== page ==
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Genealogy on Little Cat Feet

By Daniel Hubbard | February 2, 2014

The fog comes
on little cat feet.

It sits looking
over harbor and city
on silent haunches
and then moves on.
-Fog by Carl Sandburg, Chicago Poems, 1916

Often in genealogy, one takes great, generation-long strides through the records. If there is census data, perhaps our strides that are merely a decade long. In small towns and villages, that can be enough, though gathering more records will make the story richer.

In a city  “stormy, husky, brawling” those great strides fail. People get lost in the multitude. They share their names with dozens.  They move from tenement to tenement and job to job faster than their peasant fathers could bring in a harvest. Clerks and enumerators stumble over immigrant tongues and record their misadventures.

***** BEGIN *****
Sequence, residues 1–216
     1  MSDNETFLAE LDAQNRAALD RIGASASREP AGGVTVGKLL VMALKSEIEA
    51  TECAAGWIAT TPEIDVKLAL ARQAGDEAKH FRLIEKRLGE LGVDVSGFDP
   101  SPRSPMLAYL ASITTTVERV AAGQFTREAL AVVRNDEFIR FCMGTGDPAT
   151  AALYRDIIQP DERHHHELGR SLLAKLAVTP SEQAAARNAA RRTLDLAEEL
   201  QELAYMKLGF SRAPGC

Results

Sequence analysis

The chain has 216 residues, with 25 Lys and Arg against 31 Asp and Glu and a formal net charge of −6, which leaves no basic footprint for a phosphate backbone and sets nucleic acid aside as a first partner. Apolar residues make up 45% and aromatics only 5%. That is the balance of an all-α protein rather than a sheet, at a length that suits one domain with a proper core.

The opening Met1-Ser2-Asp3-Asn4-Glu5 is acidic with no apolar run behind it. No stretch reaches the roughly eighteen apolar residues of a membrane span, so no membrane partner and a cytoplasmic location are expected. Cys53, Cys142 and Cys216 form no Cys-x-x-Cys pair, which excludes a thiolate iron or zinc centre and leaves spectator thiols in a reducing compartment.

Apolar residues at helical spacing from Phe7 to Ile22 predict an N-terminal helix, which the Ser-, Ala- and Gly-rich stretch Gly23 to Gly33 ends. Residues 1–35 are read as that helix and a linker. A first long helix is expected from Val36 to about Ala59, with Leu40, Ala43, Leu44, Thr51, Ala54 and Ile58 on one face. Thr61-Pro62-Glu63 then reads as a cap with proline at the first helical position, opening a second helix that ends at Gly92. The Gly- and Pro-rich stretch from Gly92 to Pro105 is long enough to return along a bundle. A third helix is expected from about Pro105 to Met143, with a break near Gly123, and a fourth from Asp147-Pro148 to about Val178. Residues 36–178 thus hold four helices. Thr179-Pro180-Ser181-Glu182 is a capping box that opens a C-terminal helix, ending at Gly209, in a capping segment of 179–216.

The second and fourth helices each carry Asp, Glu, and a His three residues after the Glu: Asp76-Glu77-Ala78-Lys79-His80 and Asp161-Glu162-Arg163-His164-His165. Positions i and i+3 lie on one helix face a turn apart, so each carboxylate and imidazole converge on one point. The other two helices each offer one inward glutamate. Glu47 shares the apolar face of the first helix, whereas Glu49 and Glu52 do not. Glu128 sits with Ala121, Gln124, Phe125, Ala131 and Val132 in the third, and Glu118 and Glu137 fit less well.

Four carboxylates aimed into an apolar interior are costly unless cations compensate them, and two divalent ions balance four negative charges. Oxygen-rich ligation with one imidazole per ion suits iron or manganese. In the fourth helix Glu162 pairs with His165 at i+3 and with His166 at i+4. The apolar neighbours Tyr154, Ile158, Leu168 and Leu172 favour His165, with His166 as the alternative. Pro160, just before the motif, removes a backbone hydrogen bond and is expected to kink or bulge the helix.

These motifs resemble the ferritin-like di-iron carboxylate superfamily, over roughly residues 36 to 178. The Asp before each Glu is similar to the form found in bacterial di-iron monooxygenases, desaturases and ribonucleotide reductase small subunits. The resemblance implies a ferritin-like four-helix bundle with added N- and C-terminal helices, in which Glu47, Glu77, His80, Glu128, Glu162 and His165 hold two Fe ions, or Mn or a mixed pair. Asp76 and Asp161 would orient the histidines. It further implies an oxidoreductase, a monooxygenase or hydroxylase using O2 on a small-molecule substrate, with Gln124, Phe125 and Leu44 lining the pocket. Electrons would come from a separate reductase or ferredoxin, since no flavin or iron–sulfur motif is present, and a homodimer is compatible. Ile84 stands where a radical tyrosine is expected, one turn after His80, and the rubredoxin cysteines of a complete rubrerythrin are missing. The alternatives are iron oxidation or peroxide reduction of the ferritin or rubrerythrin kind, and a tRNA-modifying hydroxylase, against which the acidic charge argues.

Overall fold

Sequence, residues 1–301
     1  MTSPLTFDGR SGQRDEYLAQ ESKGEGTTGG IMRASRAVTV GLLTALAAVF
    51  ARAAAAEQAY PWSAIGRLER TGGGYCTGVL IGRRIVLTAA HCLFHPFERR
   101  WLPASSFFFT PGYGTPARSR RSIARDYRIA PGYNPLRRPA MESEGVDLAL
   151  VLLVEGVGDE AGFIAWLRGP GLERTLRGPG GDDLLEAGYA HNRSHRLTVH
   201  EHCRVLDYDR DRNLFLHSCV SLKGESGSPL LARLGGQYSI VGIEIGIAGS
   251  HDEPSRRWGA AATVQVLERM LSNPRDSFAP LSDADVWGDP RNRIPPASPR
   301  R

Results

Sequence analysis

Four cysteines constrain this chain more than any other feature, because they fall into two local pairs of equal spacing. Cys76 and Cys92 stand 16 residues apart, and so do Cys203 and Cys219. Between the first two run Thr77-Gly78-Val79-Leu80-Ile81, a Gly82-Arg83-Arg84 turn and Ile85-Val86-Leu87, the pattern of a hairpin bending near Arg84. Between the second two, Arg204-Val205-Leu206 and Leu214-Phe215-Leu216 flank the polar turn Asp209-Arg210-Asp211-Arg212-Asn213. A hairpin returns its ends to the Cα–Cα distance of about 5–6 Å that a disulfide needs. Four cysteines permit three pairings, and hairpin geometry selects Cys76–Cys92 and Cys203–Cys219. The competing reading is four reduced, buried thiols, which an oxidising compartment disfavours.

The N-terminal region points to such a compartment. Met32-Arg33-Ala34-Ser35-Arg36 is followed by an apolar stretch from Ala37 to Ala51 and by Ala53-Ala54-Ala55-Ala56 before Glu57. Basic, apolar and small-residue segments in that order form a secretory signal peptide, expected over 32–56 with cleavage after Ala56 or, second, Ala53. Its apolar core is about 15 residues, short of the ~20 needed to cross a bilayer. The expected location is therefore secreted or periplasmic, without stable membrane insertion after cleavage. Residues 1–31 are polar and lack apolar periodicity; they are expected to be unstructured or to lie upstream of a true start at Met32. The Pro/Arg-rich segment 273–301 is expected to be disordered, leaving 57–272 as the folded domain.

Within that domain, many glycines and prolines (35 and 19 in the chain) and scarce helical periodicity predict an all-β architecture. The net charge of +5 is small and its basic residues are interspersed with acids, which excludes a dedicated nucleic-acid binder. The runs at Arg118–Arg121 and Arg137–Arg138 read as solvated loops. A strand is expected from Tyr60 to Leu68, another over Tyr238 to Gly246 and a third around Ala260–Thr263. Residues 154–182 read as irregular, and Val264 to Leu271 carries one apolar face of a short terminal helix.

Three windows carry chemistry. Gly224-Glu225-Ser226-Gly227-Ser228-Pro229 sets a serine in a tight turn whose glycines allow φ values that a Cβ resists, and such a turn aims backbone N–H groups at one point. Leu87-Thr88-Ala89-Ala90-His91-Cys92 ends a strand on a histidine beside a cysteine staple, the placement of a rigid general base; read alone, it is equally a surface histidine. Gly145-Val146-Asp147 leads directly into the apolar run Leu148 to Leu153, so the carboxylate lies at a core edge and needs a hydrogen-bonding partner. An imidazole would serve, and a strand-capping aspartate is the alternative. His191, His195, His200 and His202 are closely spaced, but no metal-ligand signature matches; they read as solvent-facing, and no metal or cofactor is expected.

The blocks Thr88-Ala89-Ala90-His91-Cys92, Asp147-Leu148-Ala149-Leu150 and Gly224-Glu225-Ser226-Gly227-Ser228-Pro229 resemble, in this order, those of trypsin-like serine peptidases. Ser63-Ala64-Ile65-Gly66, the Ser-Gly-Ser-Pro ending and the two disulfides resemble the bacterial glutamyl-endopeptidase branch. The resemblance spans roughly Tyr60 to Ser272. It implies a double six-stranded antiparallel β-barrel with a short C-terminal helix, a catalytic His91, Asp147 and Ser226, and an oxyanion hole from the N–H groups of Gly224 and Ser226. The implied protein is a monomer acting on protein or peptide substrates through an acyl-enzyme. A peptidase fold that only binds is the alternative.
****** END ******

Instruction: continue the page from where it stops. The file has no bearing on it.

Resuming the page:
All the hustle and bustle of the city forces our genealogy to slow down and travel on little cat feet. Through city directories we take tiny, year-by-year steps. 1879- father is a locksmith, daughter is a clerk, son is a plumber. 1878- father is a filer of saws, son and daughter disappear, only the address allows the step from ’79 to ’78. 1877 a new address, father is not listed, daughter is a clerk with a misspelled name but the son is a plumber at the same address as his sister; another step taken. 1876- father is a locksmith again, daughter is unlisted and son is a gas fitter and their address has changed again but father and son are at the same residence. We’ve shuffled back another year. 1875- no siblings, no residence, no occupations, only the father’s work address appears but it is the same as 1876. Their immigration is pushed back another year and so the little steps continue…

I’ve spent the day in Chicago city directories, researching hog butchers, tool makers and stackers of wheat. A day of genealogy on little cat feet.

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